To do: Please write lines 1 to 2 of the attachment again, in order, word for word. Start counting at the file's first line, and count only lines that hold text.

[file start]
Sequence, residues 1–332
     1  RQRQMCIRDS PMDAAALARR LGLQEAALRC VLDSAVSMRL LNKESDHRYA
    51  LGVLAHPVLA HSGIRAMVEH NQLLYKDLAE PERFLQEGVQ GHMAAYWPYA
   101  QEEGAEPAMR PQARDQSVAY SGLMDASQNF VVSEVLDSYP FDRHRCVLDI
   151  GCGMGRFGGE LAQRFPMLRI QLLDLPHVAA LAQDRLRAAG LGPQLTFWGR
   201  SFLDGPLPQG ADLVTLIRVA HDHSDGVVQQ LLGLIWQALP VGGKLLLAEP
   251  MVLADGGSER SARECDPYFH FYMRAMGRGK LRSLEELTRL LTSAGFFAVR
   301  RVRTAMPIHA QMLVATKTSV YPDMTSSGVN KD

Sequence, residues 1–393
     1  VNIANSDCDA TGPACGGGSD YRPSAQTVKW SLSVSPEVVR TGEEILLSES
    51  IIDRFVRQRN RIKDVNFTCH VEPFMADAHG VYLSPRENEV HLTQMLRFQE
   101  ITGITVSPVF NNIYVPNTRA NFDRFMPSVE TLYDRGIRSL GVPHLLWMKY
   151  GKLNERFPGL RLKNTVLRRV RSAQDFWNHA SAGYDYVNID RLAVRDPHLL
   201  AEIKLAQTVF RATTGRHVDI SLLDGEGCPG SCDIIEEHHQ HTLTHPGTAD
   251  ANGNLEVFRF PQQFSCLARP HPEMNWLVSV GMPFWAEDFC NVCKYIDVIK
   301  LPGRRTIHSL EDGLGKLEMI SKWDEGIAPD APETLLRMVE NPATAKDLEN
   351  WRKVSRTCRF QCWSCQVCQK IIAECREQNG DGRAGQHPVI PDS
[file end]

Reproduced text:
Sequence, residues 1–332
     1  RQRQMCIRDS PMDAAALARR LGLQEAALRC VLDSAVSMRL LNKESDHRYA